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Root DGB partitioning

Discussion in 'Android Devices' started by rtr86, Apr 28, 2012.

  1. rtr86

    rtr86 Newbie
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    Hi all,

    I am happily running DGB and have just put in a 32gb card.
    From my understanding DGB does not support 'move2SD' but because the rom size is so small I can further increase the size partition of another internal folder?

    If so, what is this folder and how best should I increase it?
    Many thanks,
     

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  2. Hadron

    Hadron  
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    It does support "move to SD" - that's the standard android method. What it doesn't include is a script for using an additional partition on the SD card to supplement internal storage.

    You can re-partition your internal storage. To do this the phone needs to be S-Off. You then replace the hboot with a custom one from the dGB download site.

    The procedures for doing this (S-Off, replacing hboot) are described in the root memory FAQ, linked from the All Things Root Guide sticky post in this forum. Please read carefully and make sure you are happy with the procedures before attempting them. If at all unsure, ask first. It's not too hard to do, but it is modifying some critical components of the phone, so it's better to avoid problems rather than have to fix them :)
     
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  3. rtr86

    rtr86 Newbie
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    Thanks :)

    Ahh I see, so this method is not really ideal? Although its using a little bit of the SD card - not much?

    I see, so this way you are 'opening up' the internal card even more due to a decrease in partition for the system files? Do you know how much gain there is (i.e what can the other folder size be increased to)?

    So ideally it is always best to have apps running internally but for some users they need more then what the internal offers? Therefore the SD comes into play but even then 100% of the app will never run on SD alone?

    Are things like contacts and messages never stored on SD?

    Kind regards,
     
  4. Hadron

    Hadron  
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    SUroot's the guy to explain the philosophy (it's his ROM), but his thinking is basically this: If you use an ext partition on your card to extend app storage, the size is fixed. So if you are only using part of it, you are wasting the rest of the allocated space, and conversely if you manage to fill it you can't extend without the hassle of repartitioning. The "move to sd" method however is dynamic, i.e. it only uses up the space that it needs, with no fixed limit. Hence it makes more efficient use of the card.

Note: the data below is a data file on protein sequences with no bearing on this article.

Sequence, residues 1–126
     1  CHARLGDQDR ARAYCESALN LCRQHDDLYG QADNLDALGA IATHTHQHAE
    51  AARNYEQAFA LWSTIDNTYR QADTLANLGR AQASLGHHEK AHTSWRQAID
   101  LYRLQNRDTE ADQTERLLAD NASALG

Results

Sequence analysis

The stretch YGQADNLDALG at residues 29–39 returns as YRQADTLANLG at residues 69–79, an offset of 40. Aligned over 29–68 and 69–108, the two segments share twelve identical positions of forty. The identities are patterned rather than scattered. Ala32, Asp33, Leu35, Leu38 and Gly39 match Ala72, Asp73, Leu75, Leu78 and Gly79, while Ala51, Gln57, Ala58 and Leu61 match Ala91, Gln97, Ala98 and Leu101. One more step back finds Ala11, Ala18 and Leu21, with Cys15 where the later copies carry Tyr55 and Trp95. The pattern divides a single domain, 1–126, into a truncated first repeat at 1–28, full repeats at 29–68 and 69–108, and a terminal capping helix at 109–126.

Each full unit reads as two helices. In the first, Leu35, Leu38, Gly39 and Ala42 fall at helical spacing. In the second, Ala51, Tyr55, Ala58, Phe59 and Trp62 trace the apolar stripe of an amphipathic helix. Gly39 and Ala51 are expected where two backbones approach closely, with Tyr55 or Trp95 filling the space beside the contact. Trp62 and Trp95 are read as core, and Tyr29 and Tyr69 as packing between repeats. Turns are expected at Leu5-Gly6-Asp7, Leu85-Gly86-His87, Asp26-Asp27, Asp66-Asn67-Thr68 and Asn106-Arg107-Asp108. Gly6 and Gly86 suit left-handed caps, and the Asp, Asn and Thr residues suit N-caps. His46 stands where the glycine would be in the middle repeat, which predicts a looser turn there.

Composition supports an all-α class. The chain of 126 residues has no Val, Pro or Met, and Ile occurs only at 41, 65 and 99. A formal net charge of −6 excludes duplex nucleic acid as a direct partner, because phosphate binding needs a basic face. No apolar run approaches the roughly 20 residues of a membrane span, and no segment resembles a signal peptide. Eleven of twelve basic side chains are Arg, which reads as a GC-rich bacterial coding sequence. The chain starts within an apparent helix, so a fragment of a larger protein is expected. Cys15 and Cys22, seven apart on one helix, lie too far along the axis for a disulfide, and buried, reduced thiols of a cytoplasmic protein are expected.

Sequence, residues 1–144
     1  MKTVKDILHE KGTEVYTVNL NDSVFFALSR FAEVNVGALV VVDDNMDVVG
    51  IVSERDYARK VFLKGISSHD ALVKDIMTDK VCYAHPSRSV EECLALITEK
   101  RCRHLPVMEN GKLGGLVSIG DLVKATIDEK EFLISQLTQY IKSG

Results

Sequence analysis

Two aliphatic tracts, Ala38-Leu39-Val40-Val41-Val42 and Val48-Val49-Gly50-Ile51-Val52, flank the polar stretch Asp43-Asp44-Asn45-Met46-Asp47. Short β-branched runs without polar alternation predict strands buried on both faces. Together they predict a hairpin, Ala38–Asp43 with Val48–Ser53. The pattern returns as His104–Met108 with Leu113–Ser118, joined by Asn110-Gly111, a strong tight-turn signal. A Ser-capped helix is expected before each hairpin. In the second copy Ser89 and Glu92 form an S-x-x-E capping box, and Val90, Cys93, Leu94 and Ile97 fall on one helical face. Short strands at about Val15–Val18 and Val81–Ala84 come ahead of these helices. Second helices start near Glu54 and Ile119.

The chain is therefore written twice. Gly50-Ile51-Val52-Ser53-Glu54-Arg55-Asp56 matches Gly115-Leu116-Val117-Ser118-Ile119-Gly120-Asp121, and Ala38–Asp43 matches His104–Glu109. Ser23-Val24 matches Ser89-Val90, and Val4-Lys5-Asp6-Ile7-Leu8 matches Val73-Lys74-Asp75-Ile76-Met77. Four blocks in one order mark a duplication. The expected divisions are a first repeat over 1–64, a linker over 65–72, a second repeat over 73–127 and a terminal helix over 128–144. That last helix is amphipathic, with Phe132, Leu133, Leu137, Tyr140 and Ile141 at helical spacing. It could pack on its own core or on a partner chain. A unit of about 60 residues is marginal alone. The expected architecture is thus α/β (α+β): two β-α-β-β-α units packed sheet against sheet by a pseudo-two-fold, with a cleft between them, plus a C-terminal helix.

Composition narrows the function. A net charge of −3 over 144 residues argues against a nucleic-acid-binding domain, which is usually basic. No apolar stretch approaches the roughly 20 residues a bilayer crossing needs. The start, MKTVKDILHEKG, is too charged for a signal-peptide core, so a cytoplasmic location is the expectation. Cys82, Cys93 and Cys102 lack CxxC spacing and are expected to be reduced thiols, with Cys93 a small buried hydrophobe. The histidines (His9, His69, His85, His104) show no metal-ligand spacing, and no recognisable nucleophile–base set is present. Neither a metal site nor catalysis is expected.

The real drawback with move to SD is that widgets don't work when moved that way. Thus apps with widgets that you intend to use should be left in internal storage.
    Yes. The most extreme custom hboot, 60MB /system, 5 MB /cache, will leave 373 MB for /data (i.e. user apps and app data, what the phone calls your "internal storage"). Many of us actually use the 65 MB /system hboot, to allow a little more space e.g. for theming, which then gives you 368 MB. This is a gain of 220-225 MB over the standard partitions.
    Contacts and messages are app data, and so those are always internal. You can back them up to SD (or the cloud), but the phone apps will always use the copy that's in internal storage.

    Neither the "move to sd" nor "a2sd+" method moves the whole of the app to sd. I believe that other techniques, such as Data2SD, do, but there are more major performance drawbacks with those. I've never tried them, but many who have have reverted to the simpler methods.
     
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  5. rtr86

    rtr86 Newbie
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    Ahh now I am starting to understand more, many thanks.

    So would I be right in saying;

    A 'nadroid' backup is an exact copy of the entire internal storage, no matter how it is partition. Therefore people who install apps using just internal would have a full backup. However, it is the people who have started moving into their SD card that would then need a titanium backup app?